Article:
A band that means business
Fountains of Wayne back with 'Welcome Interstate Managers'
By Todd Leopold
(CNN) -- Fountains of Wayne can't buy a break.
Adam Schlesinger and Chris Collingwood, the co-founders of the power-pop band, are cooped up in their publicist's car, circling city blocks in lower Manhattan. The publicist is having trouble finding a parking space, so Schlesinger and Collingwood are conducting an interview over a cell phone, hampered by New York din, as they meander in search of a place to land.
That would seem to be all too indicative of the band's past few years. In 1996, FOW put out its first album, "Fountains of Wayne," and found itself with critical hosannas and an MTV hit, "Radiation Vibe."
Three years later the band, including drummer Brian Young and bassist Jody Porter, followed up with the remarkable "Utopia Parkway," named for a Queens, New York, boulevard. The record featured songs about hotshot travel agents, Long Island laser shows, the "Valley of Malls," and whiling away the summer with the senator's daughter -- all tied together with catchy melodies, nifty lyrics, and rock-solid musicianship.
But "Utopia" failed at the record racks and the group was dropped by its record company. So FOW's new album, the just-released "Welcome Interstate Managers" (S-Curve), was recorded piecemeal over the course of a year without a recording contract.
All this would seem to be depressing stuff, enough to force some bands back into the 9-to-5 world FOW writes so shrewdly about. But Schlesinger says the Fountains didn't get down about it.
"Atlantic didn't want to pick up our option, but it didn't slow us down. When this record was done, we just found a new home for it," he says.
"Our object is not to conquer the world," he continues. "We do what we do. We didn't set out to compete with the Godsmacks of the world."
'I just try to tell a story'
What Fountains of Wayne does is make polished pop songs with melodies that would be at home on any Top 40 chart and lyrics that address everyday concerns.
"Welcome Interstate Managers" paints a broader picture of the group's capabilities than its other records. The album's opening cuts -- "Mexican Wine," "Bright Future in Sales" and "Stacy's Mom" -- have a bright power-chord sound and an acerbic humor.
There are also songs about poor restaurant service ("Halley's Waitress"), songs with psychedelic touches ("Supercollider") and even a straight-ahead country tune ("Hung Up on You").
But the album grows more wistful with tunes such as "Hackensack," narrated by a deserted Jersey soul ("Sometimes I wonder where you are/Probably in L.A./That seems to be where everybody else ends up these days"), and "Fire Island," where a pensive melody plays counterpoint to the crowing of a wing-spreading teen ("All the kids from school/Will be naked in the pool/While our parents are on Fire Island").
Storytelling songs and mood songs such as these have a rich tradition, but they don't always have the universal appeal of an I-love-you-you-love-me ballad. Schlesinger, however, says he tries to draw from real life.
"I just try to tell a story, rather than present an open diary to the world," he says.
Many of the songs touch on the quotidian events in the lives of corporate employees. "There's probably just something about the rhythm of everyday business life that's fascinating to both [Adam and me]," Collingwood told Billboard magazine.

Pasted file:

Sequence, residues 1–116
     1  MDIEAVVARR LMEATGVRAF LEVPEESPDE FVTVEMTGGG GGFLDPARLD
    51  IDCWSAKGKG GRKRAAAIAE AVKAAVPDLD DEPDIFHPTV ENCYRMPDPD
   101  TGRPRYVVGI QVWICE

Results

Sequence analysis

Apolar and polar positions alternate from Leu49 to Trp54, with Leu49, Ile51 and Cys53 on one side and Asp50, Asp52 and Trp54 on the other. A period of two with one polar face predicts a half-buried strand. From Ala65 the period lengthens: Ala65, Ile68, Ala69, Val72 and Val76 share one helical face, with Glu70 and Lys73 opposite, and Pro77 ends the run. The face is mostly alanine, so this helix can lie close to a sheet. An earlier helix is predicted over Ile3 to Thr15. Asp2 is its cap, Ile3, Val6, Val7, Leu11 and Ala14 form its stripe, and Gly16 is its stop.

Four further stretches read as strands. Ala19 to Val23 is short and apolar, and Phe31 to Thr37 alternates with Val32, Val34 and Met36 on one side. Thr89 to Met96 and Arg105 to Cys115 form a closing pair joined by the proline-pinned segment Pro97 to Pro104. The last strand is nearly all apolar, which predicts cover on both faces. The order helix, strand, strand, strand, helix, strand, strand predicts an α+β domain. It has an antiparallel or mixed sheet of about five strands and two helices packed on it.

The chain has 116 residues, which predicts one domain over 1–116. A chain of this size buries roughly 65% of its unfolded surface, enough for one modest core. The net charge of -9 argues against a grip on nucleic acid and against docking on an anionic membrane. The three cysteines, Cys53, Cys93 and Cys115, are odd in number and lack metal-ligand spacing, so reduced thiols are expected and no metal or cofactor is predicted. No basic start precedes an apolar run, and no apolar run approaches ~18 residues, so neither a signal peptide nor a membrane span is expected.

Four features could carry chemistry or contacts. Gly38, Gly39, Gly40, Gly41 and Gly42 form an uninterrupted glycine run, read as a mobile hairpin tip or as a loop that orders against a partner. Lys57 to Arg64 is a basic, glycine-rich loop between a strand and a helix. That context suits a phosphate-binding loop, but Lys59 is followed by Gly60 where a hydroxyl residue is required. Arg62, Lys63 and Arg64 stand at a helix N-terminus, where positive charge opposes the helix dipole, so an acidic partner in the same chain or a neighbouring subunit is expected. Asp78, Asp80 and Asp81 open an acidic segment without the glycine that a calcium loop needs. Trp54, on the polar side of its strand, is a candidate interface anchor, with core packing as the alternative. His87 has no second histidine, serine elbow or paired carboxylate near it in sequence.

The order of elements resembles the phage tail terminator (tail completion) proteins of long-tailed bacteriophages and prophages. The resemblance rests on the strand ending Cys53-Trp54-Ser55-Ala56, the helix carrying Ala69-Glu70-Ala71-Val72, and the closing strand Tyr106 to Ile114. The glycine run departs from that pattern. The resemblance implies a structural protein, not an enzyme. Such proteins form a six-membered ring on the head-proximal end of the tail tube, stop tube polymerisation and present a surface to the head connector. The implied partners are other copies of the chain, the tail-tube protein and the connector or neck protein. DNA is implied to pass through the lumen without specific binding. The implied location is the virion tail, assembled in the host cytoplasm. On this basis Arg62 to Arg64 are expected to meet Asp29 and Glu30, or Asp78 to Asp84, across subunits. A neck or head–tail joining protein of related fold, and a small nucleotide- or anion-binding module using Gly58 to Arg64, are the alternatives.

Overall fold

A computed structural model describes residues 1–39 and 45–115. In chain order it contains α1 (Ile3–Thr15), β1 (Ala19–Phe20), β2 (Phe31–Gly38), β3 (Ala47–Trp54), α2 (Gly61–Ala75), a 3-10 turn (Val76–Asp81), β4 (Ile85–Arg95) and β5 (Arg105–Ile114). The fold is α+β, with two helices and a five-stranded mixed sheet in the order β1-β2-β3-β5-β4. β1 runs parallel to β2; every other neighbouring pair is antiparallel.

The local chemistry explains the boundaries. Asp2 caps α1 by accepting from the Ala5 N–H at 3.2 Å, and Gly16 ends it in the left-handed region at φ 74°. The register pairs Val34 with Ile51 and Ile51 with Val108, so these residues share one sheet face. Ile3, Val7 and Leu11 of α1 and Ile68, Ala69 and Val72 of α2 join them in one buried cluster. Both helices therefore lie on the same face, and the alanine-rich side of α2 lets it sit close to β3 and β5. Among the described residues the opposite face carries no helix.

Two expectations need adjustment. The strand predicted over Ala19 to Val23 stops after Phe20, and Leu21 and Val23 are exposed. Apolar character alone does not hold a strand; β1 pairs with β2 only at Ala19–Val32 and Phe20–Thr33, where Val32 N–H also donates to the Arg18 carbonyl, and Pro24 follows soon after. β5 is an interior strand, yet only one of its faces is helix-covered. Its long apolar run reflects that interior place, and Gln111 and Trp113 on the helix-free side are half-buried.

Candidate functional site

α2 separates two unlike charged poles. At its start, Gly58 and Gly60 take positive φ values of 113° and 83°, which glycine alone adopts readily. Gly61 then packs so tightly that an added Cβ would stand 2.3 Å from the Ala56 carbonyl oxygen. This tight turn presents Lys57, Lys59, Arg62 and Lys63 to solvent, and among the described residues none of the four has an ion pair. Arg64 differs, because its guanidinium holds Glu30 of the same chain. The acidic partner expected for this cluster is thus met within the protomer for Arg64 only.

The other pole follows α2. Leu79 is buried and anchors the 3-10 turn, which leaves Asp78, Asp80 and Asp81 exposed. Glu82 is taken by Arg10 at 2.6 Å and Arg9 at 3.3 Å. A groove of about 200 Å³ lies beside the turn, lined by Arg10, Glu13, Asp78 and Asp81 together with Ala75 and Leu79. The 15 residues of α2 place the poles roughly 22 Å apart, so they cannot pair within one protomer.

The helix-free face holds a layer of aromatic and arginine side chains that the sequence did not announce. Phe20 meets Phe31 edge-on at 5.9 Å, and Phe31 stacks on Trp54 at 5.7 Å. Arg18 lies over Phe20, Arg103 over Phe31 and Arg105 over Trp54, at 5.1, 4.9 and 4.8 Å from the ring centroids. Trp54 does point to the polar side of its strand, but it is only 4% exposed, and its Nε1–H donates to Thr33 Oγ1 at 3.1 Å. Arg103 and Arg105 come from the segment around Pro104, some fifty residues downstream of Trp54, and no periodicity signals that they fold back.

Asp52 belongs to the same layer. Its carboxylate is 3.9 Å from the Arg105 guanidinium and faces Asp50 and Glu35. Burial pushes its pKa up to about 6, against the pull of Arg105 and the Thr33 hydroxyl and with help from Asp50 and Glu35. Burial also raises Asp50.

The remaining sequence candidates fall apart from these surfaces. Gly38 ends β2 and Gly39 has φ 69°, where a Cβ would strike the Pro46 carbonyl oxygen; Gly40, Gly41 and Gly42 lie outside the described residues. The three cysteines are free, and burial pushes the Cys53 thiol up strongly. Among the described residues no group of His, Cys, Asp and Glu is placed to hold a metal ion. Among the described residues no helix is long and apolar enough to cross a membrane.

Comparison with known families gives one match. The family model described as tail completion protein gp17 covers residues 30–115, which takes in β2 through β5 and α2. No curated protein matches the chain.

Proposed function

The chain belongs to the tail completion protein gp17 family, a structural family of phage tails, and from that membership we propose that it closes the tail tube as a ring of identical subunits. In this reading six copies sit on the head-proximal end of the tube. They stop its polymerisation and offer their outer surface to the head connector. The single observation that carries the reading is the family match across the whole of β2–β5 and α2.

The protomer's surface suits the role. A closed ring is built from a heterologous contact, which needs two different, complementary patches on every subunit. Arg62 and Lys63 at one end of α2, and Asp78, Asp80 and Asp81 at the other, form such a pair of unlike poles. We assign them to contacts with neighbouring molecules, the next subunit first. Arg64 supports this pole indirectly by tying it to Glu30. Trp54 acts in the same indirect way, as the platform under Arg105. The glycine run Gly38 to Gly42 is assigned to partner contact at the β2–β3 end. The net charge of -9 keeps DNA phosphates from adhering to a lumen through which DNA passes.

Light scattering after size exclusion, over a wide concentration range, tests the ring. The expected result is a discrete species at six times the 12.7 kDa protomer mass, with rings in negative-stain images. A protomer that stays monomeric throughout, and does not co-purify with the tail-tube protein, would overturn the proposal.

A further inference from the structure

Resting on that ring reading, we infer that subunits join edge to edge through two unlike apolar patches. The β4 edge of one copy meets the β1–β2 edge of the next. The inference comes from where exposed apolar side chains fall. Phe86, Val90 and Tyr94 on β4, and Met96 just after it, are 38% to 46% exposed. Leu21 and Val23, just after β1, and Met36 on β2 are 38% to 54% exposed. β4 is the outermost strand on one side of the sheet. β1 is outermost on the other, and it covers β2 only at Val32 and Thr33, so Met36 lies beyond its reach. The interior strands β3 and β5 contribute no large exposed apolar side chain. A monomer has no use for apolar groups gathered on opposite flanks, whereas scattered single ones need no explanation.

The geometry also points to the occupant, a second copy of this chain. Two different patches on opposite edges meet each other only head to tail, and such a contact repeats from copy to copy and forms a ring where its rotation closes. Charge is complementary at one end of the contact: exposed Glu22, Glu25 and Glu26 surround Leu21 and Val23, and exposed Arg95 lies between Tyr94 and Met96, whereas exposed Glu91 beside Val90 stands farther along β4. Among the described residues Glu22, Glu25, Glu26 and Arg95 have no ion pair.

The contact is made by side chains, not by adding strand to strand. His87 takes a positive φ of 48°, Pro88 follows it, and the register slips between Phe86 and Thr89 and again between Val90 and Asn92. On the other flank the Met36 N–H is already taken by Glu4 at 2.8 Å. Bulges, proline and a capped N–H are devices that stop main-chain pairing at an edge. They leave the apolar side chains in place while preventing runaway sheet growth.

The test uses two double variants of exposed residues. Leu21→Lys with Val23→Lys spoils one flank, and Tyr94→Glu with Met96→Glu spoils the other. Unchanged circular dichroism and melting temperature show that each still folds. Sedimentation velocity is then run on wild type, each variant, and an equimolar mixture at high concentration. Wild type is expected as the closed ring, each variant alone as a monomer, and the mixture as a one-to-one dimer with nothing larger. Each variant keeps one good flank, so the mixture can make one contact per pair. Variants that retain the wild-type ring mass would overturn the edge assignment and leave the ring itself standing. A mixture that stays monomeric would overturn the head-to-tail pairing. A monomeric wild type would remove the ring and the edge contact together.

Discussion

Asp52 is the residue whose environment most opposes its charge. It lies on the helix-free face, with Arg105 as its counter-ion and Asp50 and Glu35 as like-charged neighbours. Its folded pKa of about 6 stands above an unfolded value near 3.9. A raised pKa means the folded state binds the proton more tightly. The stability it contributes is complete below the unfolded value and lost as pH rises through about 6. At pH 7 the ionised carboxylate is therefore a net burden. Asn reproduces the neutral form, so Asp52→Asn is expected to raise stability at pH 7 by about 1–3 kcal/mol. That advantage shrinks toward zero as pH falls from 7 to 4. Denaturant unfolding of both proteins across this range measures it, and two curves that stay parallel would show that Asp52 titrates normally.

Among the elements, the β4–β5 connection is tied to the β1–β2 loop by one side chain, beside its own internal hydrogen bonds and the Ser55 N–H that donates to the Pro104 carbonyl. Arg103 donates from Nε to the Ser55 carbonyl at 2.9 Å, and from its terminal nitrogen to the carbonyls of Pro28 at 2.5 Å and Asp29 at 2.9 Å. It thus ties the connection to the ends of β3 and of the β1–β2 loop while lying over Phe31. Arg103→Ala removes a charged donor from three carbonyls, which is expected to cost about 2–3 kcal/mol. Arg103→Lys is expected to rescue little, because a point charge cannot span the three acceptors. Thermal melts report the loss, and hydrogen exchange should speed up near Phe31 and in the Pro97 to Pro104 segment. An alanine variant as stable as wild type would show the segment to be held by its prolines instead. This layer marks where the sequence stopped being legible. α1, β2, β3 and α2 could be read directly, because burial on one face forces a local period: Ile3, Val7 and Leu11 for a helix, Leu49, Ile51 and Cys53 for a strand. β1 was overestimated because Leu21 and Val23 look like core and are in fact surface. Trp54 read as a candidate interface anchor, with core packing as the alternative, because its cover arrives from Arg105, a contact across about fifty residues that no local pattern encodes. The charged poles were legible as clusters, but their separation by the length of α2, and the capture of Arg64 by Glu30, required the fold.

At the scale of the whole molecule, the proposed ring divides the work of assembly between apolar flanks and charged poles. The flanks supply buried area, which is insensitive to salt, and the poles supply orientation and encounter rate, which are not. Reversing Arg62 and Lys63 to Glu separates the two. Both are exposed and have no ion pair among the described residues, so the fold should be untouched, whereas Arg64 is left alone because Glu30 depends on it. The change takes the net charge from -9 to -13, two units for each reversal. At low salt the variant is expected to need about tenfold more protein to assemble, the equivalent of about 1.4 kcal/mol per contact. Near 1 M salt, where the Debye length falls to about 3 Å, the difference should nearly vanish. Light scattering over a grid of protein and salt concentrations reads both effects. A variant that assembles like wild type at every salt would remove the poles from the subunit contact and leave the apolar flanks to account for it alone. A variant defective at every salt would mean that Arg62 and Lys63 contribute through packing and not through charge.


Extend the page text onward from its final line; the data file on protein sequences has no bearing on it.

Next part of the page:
He told CNN.com he's pleased that "Welcome Interstate Managers" shows so many facets of the band.
"It's hard to put a single mood on it -- there are so many different moods," he says. "It keeps with the general theme that there is no theme."
A working band
Schlesinger and Collingwood met while students at Williams College in Massachusetts. The two shared a fondness for classic pop and played under amusing monikers. (Among early band names: Are You My Mother? and Three Men Who When Standing Side By Side Have A Wingspan Of Over Twelve Feet.)
Naturally, the band is hoping this third album's the charm when it comes to getting on the charts. The group just finished shooting a video for "Stacy's Mom," complete with guest shot by model Rachel Hunter. It also provided the original music for an as-yet-unaired VH1 series, "Hey Joel." A national tour kicks off July 3.
It's not like the brass ring has been completely out of reach. Besides the buzz that surrounded "Radiation Vibe," Schlesinger tasted a bit of the big time when he wrote the Oscar-nominated title song for the Tom Hanks movie "That Thing You Do!"
But FOW has spent a good part of its career with its fans wondering why the group isn't more popular.
James Iha, the former Smashing Pumpkin who co-owns a studio with Schlesinger, can't figure it out, he told Entertainment Weekly. "Who's to say?" he asked rhetorically. "Maybe they haven't fit into the trends of the time."
Schlesinger ponders a question about whether the band is set to become another in a line of critically praised, criminally catchy but commercially marginalized bands, such as They Might Be Giants or Weezer, and audibly shrugs.
"We do what we do, and build on our fan base," he says. "To that end, we're very successful."
After all, he notes, if you'd told him back in his college days that he'd be in a working band 15 years later, he would have been very happy. "We've traveled the world and have had people come to see [us] play," he says.
And, as the interview concludes, they've found a parking space and are strolling the streets of Manhattan. It's a pretty good life. Fountains of Wayne are on the move.